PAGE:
Let me first apologize for being absent on my blog for nearly a month. I can’t even begin to explain the sorrow I have for not writing — especially since it’s my outlet and a way for me to connect and engage with others.
Between teaching new co-workers the ins and outs of teaching (which, I never knew could be so hard!) and staying up to date with already cemented deadlines, I have been barely been able to keep my head above the water.
All I ask is that you please forgive me and I vow to schedule blogs when I cannot be available and provide you wonderful readers with information that will (hopefully) keep you coming back for more.
Okay. With that being said, let’s move on to more pressing issues…like how difficult it is to teach teachers how to teach!
I have been nominated this year as a teacher mentor for one of the newer teachers at work and I have to tell you it’s easier said than done. This week, I had a chance to reminisce about my first years of teaching and I realized just how naive I was to standards and curriculums and all things professional. That was the point I began to feel less frustration for my mentee and more sympathy for her.
Being a new teacher is tough. Especially in this educational economy. Every school and district and state is data driven, accountability is high, and achievement is tracked at all levels.
The first couple of days working with her were difficult because…well…she asked SO MANY QUESTIONS! Questions about procedures and lesson planning that have become as routine and natural as breathing…questions about hypothetical issues that would never occur unless there really was a zombie apocalypse…questions about why I do the things I do, why I talk so fast, why I have so much patience…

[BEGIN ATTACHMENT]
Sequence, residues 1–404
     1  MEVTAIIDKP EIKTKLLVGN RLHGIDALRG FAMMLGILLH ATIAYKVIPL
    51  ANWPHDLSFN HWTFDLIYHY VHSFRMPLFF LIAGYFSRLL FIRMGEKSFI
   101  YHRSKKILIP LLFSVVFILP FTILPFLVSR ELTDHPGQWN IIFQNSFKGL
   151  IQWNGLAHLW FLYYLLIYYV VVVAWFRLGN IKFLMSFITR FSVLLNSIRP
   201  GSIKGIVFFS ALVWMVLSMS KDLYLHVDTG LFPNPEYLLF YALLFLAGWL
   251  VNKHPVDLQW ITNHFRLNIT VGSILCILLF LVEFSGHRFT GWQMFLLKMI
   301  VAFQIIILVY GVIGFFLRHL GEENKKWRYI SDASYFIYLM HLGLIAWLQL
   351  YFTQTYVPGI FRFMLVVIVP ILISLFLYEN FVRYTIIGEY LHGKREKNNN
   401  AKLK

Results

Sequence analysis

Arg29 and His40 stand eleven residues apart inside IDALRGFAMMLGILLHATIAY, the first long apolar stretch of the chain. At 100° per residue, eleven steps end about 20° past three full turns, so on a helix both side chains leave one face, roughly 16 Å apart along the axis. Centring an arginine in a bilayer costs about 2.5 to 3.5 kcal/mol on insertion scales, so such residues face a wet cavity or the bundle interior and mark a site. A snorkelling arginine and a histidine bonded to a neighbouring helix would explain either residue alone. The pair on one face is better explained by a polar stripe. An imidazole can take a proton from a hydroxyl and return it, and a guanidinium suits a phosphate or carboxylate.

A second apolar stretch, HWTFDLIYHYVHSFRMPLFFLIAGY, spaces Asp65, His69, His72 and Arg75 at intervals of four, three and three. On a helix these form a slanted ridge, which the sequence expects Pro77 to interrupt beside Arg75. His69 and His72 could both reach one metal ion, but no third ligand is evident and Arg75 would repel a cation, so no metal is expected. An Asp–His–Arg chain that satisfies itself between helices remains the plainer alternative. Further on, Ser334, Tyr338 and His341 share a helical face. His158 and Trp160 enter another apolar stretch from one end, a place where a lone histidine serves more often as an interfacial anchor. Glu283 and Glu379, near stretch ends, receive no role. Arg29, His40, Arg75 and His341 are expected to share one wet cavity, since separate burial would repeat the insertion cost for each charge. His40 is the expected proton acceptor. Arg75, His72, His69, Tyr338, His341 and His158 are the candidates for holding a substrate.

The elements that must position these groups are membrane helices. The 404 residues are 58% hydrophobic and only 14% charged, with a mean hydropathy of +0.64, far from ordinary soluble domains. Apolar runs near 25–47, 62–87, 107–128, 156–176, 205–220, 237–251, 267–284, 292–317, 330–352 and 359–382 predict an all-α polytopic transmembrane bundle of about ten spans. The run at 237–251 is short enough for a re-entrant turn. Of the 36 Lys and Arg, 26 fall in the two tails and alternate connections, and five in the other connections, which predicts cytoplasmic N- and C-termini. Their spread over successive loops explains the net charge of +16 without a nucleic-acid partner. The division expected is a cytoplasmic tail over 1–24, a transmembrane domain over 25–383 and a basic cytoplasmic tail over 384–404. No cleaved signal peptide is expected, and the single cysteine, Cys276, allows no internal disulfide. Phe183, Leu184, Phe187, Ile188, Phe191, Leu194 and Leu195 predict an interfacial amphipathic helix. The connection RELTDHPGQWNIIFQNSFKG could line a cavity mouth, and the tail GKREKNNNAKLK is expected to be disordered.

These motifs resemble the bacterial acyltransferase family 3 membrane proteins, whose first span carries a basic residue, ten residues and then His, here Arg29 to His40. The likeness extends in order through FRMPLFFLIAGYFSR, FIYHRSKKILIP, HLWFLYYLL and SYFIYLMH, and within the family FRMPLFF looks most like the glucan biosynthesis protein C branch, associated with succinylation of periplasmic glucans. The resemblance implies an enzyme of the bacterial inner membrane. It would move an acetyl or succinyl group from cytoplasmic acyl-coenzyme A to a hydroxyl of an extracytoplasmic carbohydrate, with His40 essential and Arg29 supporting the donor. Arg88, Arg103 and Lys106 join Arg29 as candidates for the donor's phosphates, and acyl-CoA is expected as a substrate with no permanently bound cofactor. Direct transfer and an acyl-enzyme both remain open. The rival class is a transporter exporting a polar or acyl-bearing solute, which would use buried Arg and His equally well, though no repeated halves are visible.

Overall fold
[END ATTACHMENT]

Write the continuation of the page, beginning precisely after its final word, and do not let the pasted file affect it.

But as annoyed I was at first, it finally occurred to me that she’s asking me because she doesn’t know, not because she’s trying to be annoying. And because of that realization, she has challenged me to overcome a perspective and mindset I never thought I’d acquire.
These are my symptoms:
I become impatient and frustrated easily. I oftentimes talk over people because I feel what I need to say or contribute is more important than someone else’s ideas. Data has become more important than the relationships I have with students, parents are no longer parents, but customers, and I’m not teaching a curriculum, I’m selling a product.
Somehow, I’ve gotten into something I’ve identified as an “administrator mindset.”
Yet, because of my mentee’s boldness and courage to challenge my perspective, I have been able to see it for what it is and change. She has taught me to take things more slowly. She has taught me to re-evaluate the processes of my lesson planning. And because of that, I have been able to see why certain students keep stumbling on the same skill sets — something I wouldn’t have regularly seen if she hadn’t challenged me.
The funny part is that I am supposed to be teaching her new things, and though I am, I notice I am learning new things, too.
As much as people say you can’t teach a new dog old tricks, you really can. It just takes a bit of work, perseverance, and humor…not to mention a bit of humility.
Thanks for reading and remember to always wonder!